How did you find your interview subjects?
I keep cameras handy while I’m traveling for other projects, and then take specific trips to hit regions I want to explore for Young Americans. Once the edit starts coming together, I make an effort to get additional interviews to represent regions or viewpoints that aren’t being otherwise reflected.
You’ve done so much work with music documentaries and high profile bands– how did creating this project compare to say, making a music video or a straightforward band profile?
This series is rewarding because it is self steered, in contrast to the collaborations that occur when you work with other people on a music video and have constraints of time of just applying visuals to a track.
Did you approach VICE or did they approach you? It seems like such a great fit, I’m sure our readers would be curious to know how the collaboration evolved.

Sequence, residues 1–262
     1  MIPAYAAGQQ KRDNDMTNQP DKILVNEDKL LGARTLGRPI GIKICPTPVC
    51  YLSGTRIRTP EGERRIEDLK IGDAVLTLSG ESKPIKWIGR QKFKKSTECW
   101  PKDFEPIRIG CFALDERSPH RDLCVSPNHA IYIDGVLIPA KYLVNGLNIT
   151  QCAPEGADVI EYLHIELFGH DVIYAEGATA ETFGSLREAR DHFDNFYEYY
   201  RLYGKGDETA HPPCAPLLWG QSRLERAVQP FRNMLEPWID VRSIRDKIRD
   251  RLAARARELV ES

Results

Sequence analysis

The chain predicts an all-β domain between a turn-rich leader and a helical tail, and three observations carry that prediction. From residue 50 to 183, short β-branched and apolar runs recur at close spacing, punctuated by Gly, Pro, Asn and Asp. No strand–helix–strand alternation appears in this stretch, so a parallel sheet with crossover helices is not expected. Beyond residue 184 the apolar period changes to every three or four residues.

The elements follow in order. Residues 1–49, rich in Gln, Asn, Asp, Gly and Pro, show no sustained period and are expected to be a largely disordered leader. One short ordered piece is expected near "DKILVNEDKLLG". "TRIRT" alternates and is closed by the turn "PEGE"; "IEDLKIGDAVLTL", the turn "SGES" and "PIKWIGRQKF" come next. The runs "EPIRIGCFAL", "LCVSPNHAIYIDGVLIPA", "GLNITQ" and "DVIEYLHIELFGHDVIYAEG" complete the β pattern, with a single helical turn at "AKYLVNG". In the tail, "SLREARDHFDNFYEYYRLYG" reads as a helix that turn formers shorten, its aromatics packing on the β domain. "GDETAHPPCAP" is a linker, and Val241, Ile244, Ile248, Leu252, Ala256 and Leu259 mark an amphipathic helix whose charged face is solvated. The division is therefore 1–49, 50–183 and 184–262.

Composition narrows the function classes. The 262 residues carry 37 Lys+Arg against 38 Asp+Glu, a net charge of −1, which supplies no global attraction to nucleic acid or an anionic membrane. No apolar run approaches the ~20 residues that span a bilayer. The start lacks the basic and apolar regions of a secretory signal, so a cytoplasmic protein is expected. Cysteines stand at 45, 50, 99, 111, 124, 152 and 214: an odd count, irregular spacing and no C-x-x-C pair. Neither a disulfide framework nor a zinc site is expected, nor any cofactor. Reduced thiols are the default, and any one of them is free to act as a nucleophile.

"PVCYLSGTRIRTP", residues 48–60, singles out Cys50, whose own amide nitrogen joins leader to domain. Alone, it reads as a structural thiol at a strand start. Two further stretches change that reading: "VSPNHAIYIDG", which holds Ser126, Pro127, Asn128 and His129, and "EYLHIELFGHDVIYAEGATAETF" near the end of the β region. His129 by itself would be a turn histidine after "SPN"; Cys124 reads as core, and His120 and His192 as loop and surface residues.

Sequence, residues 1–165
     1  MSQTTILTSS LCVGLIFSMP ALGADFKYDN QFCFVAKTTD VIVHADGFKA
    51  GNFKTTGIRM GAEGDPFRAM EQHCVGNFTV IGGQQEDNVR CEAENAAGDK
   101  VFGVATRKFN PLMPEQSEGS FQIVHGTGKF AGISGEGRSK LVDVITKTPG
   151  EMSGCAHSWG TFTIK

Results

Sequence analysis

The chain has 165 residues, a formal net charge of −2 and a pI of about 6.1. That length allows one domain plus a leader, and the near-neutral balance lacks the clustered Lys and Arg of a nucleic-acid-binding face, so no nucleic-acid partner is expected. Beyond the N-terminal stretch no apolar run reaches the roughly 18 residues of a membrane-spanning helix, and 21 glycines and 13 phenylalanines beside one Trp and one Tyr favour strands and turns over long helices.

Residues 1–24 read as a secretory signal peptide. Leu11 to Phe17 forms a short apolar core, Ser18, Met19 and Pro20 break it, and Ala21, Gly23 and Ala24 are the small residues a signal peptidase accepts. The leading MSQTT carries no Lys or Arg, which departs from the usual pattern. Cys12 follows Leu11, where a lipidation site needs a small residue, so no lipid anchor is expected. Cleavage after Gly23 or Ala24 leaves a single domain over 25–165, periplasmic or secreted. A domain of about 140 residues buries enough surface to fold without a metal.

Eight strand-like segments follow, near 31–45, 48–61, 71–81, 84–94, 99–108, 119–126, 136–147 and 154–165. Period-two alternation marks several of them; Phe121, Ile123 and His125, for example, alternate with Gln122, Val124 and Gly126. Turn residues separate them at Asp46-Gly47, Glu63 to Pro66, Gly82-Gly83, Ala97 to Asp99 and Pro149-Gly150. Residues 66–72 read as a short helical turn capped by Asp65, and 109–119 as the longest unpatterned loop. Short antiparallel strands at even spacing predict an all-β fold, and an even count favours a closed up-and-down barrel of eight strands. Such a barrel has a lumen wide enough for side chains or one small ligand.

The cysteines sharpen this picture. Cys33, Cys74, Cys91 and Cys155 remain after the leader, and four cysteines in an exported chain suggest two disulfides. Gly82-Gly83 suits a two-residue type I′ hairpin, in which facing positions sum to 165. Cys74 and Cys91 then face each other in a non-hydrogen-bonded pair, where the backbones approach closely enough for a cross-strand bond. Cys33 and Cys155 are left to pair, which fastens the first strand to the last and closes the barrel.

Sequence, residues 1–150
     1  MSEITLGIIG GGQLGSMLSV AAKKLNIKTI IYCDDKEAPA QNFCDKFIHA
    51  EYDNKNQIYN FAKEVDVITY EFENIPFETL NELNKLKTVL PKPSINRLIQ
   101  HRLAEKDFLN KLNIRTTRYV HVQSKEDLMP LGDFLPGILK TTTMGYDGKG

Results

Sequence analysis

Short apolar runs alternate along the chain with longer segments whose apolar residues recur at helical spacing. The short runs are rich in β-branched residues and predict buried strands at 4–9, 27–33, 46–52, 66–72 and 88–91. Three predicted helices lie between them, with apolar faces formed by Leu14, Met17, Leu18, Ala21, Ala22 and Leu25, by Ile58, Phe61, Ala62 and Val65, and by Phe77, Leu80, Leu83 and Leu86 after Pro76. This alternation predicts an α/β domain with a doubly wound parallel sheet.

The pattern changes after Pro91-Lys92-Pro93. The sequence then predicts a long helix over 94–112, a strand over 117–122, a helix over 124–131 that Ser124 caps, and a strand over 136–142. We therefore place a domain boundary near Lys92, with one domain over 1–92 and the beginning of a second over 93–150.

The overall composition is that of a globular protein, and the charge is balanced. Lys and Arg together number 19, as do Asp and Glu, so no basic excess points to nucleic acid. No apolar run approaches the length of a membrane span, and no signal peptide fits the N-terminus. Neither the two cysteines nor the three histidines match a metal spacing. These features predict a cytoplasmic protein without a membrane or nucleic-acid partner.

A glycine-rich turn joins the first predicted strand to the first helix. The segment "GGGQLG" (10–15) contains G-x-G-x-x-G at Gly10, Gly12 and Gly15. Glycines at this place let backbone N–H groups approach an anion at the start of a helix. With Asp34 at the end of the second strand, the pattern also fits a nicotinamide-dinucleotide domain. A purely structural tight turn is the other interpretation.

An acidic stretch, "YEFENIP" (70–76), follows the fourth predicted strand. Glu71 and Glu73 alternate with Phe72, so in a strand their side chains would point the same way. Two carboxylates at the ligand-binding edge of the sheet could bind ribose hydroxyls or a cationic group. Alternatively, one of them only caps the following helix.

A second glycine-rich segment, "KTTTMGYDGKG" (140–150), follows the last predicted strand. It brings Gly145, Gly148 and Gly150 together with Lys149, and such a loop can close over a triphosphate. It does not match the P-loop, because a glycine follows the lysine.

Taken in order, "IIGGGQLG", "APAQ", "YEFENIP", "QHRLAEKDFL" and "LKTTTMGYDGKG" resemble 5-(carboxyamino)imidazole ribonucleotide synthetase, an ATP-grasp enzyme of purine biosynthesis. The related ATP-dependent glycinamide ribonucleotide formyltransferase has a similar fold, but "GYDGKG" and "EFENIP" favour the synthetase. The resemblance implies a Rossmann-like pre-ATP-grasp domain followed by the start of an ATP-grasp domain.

I’ve produced or directed several other projects over the years with Vice, and had been taking to Eddy Moretti about the election cycle in 2012. He suggested that I head out and directly speak to young people and sort of take their temperature and see what they were really thinking about.
In the past you’ve done a lot of work with Gen X-ers (particularly musicians who’ve come to epitomize the Gen X ethos like Nirvana and Sonic Youth). How do you think that generation compares with the newer Millennial generation, especially when it comes to ideals, interests, or the way they view the media? Not to be leading, but I’m thinking in particular of Gen X’s rejection of mainstream media, and Gen Y’s embrace of it through mediums like reality tv, social media, and the concept of personal identification with big brands.
When I was in my teens and 20s I felt a shared generational antipathy towards the dominant culture and media that served the baby boomer generation. A wide swath of the people I encounter who are in their 20s now seem less agitated and disaffected, but rather tend to embrace the dominant culture perhaps because they see themselves represented in it. People I interviewed explicitly describe thinking of themselves as brands, and working to craft their social identity.